For a region that experiences heavy monsoon seasons, a warm bowl of soup is an essential part of our diet, so it’s not surprising that Vietnamese cuisine also heavily features this.
Banh Canh is like a warm blanket on a rainy day – comforting, warm and nourishing. Literally translated as rice noodle soup, Banh Canh is possibly the simplest form of a soup dish in Vietnamese cuisine. For adventurous eaters, the soup dish is versatile enough to be customised with more expensive ingredients.
What is Banh Canh?
Banh Canh separates itself from the likes of other soupy dishes because of the uniqueness of its thick noodles, which are made from rice or tapioca flour. The use of tapioca is designed to give the noodles more springiness, making every bite of this warm dish extra chewy.
Just by appearances, the noodles bear a striking resemblance to udon or lau shu fen – another Malaysian soup delicacy. Indeed, Banh Canh also stands out thanks to its broth, which is made from pork stock which involves boiling of pigs feet, hocks, knuckles and neck bones. Simmered for an average of two hours, the flavours are further enhanced with seasonings like sugar, salt, and pork stock powder.
Additionally, Banh Canh’s soup doesn’t have a clear texture like what we’re normally used to. In fact, Banh Canh is slightly thicker and is closer to a gravy than it is a soup, but diners are still encouraged to slurp it all up regardless! When all the ingredients are prepared and cooked, the soup is then served with a side of Vietnamese herbs and greens.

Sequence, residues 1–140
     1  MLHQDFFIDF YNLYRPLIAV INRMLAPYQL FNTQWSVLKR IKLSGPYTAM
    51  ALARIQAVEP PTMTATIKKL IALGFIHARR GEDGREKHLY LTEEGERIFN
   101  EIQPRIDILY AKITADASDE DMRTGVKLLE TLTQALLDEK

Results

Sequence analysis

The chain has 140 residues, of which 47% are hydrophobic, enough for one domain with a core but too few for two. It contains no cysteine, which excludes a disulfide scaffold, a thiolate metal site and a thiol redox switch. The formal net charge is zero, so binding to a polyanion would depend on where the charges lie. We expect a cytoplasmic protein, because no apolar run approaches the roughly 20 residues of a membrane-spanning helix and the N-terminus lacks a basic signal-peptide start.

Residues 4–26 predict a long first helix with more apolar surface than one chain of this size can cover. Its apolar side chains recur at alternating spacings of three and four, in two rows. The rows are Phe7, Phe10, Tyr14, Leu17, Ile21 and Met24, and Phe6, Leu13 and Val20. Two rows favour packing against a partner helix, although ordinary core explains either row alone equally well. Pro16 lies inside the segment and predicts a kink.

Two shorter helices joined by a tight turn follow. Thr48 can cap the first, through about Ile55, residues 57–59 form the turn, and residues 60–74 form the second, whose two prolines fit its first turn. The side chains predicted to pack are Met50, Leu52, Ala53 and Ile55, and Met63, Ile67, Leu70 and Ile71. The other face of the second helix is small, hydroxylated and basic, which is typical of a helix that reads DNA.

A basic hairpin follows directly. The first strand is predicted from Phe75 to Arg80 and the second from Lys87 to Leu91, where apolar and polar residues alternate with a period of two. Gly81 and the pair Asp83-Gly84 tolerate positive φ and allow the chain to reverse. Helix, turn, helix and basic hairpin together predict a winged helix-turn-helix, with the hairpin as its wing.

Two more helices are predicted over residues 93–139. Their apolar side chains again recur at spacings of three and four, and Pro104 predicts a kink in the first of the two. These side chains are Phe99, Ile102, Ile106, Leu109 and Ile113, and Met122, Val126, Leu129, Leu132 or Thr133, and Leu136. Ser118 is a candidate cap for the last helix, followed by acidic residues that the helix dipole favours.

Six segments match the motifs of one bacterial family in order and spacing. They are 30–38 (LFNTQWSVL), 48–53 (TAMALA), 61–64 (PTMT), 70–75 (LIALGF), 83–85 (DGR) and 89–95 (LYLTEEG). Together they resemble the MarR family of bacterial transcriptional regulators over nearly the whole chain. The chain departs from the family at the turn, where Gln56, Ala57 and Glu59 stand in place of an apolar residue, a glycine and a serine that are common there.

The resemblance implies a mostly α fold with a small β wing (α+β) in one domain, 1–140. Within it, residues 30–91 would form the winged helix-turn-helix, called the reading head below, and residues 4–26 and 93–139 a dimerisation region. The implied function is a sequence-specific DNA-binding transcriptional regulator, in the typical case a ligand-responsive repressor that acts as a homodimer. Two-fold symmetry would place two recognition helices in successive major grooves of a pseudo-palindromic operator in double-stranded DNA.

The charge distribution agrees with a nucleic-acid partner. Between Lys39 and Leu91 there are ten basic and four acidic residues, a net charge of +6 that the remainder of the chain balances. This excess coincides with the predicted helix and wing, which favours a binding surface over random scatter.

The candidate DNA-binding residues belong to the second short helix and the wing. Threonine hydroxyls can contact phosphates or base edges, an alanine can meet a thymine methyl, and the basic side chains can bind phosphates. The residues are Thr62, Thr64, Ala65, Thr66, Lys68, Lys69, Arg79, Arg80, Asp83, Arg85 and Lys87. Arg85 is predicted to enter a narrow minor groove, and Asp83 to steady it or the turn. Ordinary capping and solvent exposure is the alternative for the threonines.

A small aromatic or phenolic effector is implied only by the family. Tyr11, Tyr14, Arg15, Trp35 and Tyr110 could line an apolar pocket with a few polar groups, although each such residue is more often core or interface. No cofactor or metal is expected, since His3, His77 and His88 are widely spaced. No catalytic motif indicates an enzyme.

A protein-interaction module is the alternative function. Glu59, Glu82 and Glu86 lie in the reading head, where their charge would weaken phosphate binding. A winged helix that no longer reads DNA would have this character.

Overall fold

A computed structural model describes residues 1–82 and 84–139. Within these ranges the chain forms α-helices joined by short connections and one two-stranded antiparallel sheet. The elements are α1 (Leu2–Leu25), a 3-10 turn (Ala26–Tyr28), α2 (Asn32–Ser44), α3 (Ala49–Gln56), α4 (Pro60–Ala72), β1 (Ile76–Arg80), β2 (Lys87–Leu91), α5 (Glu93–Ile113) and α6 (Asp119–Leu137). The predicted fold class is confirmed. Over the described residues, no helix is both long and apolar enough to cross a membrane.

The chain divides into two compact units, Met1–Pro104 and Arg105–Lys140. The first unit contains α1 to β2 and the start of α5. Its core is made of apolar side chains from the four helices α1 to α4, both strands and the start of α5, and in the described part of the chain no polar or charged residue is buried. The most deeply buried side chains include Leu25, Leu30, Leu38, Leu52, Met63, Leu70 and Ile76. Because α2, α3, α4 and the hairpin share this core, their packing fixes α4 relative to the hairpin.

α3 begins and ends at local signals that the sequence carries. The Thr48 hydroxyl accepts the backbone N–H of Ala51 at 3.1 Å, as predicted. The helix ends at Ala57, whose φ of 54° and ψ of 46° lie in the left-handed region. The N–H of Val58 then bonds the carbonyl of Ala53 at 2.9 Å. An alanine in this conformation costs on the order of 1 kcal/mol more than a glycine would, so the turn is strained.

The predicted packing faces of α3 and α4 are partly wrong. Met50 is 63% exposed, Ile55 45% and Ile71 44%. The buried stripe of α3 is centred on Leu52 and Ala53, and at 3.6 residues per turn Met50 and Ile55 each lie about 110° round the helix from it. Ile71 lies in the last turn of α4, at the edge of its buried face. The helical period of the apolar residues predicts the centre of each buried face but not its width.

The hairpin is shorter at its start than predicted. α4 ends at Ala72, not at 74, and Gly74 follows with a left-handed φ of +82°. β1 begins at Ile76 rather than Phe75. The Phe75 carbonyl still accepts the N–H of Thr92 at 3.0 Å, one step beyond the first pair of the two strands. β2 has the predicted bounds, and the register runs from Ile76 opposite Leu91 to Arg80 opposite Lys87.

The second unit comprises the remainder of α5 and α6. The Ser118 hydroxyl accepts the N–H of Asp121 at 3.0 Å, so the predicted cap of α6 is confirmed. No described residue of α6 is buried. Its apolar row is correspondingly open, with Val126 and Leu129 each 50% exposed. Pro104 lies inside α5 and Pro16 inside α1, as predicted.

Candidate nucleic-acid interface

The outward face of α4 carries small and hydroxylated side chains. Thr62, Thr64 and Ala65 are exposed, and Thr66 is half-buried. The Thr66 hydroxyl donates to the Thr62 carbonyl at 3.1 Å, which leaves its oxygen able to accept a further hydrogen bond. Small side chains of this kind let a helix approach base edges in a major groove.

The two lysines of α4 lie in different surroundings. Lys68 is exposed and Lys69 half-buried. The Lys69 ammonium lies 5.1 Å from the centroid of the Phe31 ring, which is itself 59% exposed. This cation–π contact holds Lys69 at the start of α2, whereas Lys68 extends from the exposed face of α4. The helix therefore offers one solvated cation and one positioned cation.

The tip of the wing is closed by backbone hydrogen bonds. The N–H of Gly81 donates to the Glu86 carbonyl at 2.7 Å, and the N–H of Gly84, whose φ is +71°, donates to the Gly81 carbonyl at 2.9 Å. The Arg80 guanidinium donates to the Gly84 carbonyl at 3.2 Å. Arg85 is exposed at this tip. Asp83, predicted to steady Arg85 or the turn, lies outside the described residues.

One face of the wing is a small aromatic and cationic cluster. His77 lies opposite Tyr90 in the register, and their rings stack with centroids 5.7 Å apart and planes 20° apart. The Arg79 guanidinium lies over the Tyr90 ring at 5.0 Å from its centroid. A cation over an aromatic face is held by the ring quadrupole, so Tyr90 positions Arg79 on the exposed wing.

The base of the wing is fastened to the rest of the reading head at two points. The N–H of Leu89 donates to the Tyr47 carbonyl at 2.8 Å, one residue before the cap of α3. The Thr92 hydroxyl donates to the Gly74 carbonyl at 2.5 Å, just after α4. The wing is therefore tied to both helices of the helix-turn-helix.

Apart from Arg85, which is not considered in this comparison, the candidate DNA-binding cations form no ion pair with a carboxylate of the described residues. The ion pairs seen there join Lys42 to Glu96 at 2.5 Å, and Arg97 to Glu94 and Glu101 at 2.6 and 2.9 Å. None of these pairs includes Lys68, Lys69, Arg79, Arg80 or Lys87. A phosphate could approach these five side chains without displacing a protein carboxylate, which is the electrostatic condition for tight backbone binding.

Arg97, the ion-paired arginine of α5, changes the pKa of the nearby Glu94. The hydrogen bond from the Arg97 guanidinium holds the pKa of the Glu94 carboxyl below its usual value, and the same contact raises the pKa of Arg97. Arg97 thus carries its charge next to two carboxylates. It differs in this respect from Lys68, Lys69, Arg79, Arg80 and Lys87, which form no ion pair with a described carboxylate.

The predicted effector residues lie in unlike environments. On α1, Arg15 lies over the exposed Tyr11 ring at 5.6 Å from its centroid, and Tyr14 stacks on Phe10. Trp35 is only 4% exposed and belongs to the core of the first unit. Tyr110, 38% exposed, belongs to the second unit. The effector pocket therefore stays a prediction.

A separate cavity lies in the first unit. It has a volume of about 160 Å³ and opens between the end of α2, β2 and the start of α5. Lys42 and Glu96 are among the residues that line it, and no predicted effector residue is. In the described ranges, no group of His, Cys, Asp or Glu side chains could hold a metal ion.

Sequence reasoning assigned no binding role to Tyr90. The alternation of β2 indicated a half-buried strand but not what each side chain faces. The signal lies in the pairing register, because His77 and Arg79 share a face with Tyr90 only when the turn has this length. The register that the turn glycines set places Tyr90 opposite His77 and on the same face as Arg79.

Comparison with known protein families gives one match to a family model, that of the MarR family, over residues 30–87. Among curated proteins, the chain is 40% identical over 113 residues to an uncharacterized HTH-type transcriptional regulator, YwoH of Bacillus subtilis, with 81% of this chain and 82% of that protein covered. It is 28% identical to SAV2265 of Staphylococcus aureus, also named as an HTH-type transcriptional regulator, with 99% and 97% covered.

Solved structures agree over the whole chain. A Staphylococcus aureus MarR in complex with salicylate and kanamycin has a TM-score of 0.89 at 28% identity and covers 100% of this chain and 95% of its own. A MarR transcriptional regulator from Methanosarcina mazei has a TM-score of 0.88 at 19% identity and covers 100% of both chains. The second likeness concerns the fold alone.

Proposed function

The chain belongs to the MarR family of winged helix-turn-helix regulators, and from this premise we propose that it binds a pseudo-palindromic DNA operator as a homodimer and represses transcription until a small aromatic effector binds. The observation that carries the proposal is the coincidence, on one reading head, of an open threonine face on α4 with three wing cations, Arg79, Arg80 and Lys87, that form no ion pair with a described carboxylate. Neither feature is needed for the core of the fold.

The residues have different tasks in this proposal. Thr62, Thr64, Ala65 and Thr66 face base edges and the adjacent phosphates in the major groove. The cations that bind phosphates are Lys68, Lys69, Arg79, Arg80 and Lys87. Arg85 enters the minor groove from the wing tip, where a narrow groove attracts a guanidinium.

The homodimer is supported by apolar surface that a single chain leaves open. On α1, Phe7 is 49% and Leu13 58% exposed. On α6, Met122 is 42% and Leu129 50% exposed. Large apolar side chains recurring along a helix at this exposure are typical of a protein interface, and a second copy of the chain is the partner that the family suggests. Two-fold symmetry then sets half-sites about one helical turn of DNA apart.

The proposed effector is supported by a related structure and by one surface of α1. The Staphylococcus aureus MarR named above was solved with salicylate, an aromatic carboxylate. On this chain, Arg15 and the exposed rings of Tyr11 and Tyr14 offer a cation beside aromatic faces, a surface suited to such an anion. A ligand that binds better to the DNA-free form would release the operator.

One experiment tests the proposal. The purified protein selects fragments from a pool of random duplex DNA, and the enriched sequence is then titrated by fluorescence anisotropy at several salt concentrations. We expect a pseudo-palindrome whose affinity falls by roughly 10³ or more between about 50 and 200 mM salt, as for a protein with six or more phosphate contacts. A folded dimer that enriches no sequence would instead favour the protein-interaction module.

Variations of Banh Canh
While Banh Canh is delicious as it is, locals tend to add extra ingredients to elevate the taste of the dish.
For example, a common variation of Banh Canh is called Banh Canh Cua, with ‘cua’ translating to mean crab. Yes, crab in a soup. Can you imagine just how good that would taste for all the seafood lovers out there? On top of having de-shelled crab swimming about in the broth, a dish of Banh Canh Cua also comes with shrimps, quail eggs and blood pudding. Some vendors even add “you tiao” on the side. Talk about a simple soup base that is now brimming with colourful ingredients!
If you don’t have direct access to fresh crabs, a simpler version (that tastes just as savoury) would be the Banh Canh Ga – ‘ga’ meaning chicken.
In many online recipes, Banh Canh Ga completely omits the use of pork in its broth – good news for our Muslim friends – and replaces it with chicken and dried shrimps instead. Assemble the dish as usual and add chicken strips or duck giblets for additional flavouring.
With meat being the basis of the broth, it’s hard to think how this dish can cater to our meatless food lovers, but fret not, a vegetarian version of Banh Canh is also easily available, but it goes by the name of Banh Canh Chay. Instead of using pork or chicken broth, the meat-free alternative uses vegetable broth alongside mushrooms to give it a hearty, umami taste. And it is finally topped with tofu, which is a great substitute for a chewy ingredient.
Where to Find Banh Canh in Malaysia
A trip to Vietnam would find Banh Canh to be easily available at restaurants and street vendors. But if you’re stuck at your home country, and not travelling to the delightful Vietnam any time soon, your second best option is to check out foodpanda for the nearest Vietnamese restaurant!